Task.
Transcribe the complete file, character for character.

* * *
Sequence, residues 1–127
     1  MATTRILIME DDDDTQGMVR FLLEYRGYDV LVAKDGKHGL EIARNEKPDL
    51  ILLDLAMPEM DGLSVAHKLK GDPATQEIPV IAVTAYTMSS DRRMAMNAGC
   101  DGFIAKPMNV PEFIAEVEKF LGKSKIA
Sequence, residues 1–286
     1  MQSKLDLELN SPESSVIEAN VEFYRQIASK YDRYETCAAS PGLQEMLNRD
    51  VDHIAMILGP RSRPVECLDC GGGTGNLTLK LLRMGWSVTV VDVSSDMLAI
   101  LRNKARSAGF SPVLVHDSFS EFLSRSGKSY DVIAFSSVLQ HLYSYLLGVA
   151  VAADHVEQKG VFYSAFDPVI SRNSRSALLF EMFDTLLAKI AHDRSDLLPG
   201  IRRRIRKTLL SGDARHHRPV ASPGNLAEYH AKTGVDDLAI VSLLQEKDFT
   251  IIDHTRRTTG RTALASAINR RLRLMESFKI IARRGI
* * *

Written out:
Sequence, residues 1–127
     1  MATTRILIME DDDDTQGMVR FLLEYRGYDV LVAKDGKHGL EIARNEKPDL
    51  ILLDLAMPEM DGLSVAHKLK GDPATQEIPV IAVTAYTMSS DRRMAMNAGC
   101  DGFIAKPMNV PEFIAEVEKF LGKSKIA
Sequence, residues 1–286
     1  MQSKLDLELN SPESSVIEAN VEFYRQIASK YDRYETCAAS PGLQEMLNRD
    51  VDHIAMILGP RSRPVECLDC GGGTGNLTLK LLRMGWSVTV VDVSSDMLAI
   101  LRNKARSAGF SPVLVHDSFS EFLSRSGKSY DVIAFSSVLQ HLYSYLLGVA
   151  VAADHVEQKG VFYSAFDPVI SRNSRSALLF EMFDTLLAKI AHDRSDLLPG
   201  IRRRIRKTLL SGDARHHRPV ASPGNLAEYH AKTGVDDLAI VSLLQEKDFT
   251  IIDHTRRTTG RTALASAINR RLRLMESFKI IARRGI